Students living in residence will be sent a message from the Housing Department with details about the time lines for moving out if they are writing an exam on the 23rd.

The university is watching the weather closely and if a decision is made to cancel exams on Friday, it will be posted on the main page of the Trent website and a notice will be sent out to students.

Wednesday, April 10, 2013

My name is Kate, and I'm a Temporary Foreign Worker



My fellow taxpayers of Canada,

Let us, by all means, publicly oppose the move by the Royal Bank of Canada to fire its employees and outsource their jobs in order to further increase the already enormous profits that RBC enjoys.  But let us not perpetuate misunderstandings about Temporary Foreign Workers.  

It is not the case that everyone with this status has necessarily taken a job that a Canadian might have had.  For example, when I accepted a job at Trent University, my spouse accompanied me; he is designated as a TFW entirely because we do not yet have Permanent Residence status, even though he brought his telecommuter job with him from the U.S.A. – a job he now pays income taxes to Canada for bringing here.  He has added to the revenue of Canada. (You’re welcome.)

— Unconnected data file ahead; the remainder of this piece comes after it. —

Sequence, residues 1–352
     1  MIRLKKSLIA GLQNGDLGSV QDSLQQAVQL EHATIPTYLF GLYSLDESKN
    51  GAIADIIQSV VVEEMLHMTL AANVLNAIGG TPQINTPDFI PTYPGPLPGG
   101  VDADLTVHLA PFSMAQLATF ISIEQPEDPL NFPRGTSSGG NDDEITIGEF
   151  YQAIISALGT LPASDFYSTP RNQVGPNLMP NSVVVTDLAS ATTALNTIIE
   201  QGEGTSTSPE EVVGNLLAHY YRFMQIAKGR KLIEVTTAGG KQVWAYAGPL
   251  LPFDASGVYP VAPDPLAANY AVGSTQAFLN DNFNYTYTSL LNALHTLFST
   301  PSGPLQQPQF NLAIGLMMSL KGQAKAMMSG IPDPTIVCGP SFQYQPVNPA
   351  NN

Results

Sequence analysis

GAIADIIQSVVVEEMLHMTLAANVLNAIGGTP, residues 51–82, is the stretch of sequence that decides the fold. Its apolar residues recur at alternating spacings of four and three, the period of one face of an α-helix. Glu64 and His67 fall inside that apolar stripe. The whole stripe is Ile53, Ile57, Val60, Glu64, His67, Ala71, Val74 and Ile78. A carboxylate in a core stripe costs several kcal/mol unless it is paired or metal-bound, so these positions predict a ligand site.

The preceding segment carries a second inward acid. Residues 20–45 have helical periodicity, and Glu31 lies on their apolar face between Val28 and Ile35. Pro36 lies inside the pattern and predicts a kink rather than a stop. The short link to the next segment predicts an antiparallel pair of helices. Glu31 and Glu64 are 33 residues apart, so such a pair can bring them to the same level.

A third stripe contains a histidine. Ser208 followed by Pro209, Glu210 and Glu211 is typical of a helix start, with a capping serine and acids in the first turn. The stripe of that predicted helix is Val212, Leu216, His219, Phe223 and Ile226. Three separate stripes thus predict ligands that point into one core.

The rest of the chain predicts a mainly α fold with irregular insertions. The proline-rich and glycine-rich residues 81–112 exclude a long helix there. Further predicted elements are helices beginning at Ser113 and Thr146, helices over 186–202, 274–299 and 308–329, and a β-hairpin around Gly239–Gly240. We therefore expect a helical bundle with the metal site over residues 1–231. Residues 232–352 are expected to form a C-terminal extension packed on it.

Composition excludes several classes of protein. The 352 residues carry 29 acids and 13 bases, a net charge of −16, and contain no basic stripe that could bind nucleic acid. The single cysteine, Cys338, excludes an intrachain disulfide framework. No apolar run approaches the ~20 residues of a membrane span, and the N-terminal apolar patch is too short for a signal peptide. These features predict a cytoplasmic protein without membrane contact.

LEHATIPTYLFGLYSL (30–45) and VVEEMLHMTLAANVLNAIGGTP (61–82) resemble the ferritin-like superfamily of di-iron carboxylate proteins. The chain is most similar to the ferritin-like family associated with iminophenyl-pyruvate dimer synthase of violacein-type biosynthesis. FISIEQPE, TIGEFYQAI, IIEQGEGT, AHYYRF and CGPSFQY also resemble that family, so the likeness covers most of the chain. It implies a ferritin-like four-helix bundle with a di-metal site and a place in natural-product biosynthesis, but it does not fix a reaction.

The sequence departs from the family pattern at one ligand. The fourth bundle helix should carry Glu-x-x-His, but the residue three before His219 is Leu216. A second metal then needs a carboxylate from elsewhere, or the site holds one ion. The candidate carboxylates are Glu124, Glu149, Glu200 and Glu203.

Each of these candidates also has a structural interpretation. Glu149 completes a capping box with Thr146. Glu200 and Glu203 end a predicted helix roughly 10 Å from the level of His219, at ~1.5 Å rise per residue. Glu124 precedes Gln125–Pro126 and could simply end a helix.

Contrary to what CTV says, it is not the case that “federally-approved LMO visas…are only to be issued when it can be demonstrated Canadians do not want the jobs the foreign workers are coming to do.”  Wanting is not the issue.  According to Citizenship and Immigration Canada (CIC), “The Temporary Foreign Worker Program (TFWP) allows Canadian employers to hire foreign nationals to fill temporary labour and skill shortages when qualified Canadian citizens or permanent residents are not available.”  Many want jobs, but not everyone with a desire for a job is qualified for every job.  I realize that in the case of the RBC employees, they were both qualified and experienced.  Firing them was wrong. But this should not result in re-describing the TFW program.